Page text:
The JZA80 twin-turbo Supra is arguably the best import-performance vehicle to be sold in the United States. For brothers Tony and Kyle Nino, the Supra was their dream car. Older-brother Tony purchased this Supra in June of 2005 with the intent of building a 700-horsepower, daily-driven street monster. During the course of the project, the performance bar was set at running 9s and generating 1000 wheel horsepower. Unfortunately, Kyle was killed in a motorcycle accident a few months ago. Showing respect for his late brother, Tony decided to continue the build in his brother’s memory.
Text & Photos by Michael Ferrara
There’s more ways than one to skin a cat and there’s obviously more than one performance combination that can make the 2JZ engine sing. To meet the original 700-horsepower goal, a buildup was done with the HKS 2835 twin-turbo system. This system performed flawlessly with the complementary components and stock engine. On race gas, Tony claims this setup yielded 750-wheel horsepower while delivering 10.8-second performance on BFG drag radials. While running 10s is quite an accomplishment, the plan was set in motion to build a combination that would produce the power to run 9s. Working with DynoXtreme of Stanton, California, the 9-second powerplant was built.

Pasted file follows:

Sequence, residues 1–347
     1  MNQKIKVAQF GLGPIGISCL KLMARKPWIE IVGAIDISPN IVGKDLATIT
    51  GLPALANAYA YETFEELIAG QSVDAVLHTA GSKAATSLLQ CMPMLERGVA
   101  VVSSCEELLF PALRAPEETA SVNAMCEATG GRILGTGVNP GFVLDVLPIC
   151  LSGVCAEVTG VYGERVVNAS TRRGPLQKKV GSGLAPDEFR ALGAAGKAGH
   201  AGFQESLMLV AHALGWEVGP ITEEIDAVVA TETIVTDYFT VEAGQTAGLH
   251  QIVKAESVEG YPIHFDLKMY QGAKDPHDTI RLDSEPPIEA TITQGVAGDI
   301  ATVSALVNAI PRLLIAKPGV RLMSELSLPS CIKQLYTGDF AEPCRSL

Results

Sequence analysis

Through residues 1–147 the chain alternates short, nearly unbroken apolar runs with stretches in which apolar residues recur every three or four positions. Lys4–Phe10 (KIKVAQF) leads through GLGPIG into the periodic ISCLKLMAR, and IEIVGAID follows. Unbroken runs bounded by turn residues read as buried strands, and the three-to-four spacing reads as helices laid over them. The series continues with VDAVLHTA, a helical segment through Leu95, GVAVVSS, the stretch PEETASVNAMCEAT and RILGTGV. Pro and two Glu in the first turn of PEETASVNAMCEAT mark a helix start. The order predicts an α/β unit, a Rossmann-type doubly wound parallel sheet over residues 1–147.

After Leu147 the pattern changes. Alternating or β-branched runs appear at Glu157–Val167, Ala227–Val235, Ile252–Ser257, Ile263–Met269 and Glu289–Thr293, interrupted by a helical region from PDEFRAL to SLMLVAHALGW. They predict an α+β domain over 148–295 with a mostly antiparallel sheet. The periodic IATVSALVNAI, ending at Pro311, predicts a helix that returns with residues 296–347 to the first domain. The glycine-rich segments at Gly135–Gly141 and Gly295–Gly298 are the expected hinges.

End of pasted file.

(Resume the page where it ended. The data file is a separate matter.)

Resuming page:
The engine that is now between the shock towers has been build to survive at the 1000-horsepower level. The factory crankshaft is now driven by 8.5-to-1 forged aluminum CP Pistons and Carrillo 4340 forged- steel connecting rods. Up top, the cylinder head has been reworked to accept +1mm S/TEC valves, Crower valve springs and Crower retainers. HKS 272 camshafts orchestrate the valve events while ARP Fasteners head studs secure the head to the block.
Boost and Fuel
To provide the airflow for the big- power numbers, a Virtual Works turbo manifold feeds the single PTS- 76 turbocharger a steady supply of exhaust gas. After the exhaust has powered the turbo, a four-inch downpipe directs the fumes through a HKS Hiper Titanium exhaust. Once the desired boost level is reached, an HKS GT2 wastegate directs surplus exhaust gas to the atmosphere. On the cold side, this turbocharger sends its compressed flow to a GReddy front-mount intercooler. Once chilled, the charge air is directed into the cylinder head by a VeilSide intake manifold featuring a 100mm throttle body.
To provide the fuel for the fire, a pair of Walbro in-tank 255lph pumps transfers the fuel from the tank to the fuel rail. These pumps feed a half- dozen 1000cc/min RC Engineering injectors. Currently, the injectors take cues from a G-Force modified factory ECU receiving signals from an HKS VPC and an A’PEXi S-AFC. According to Tony, he’s planning on swapping over to a Power FC or AEM EMS stand-alone engine- management system in the very near future.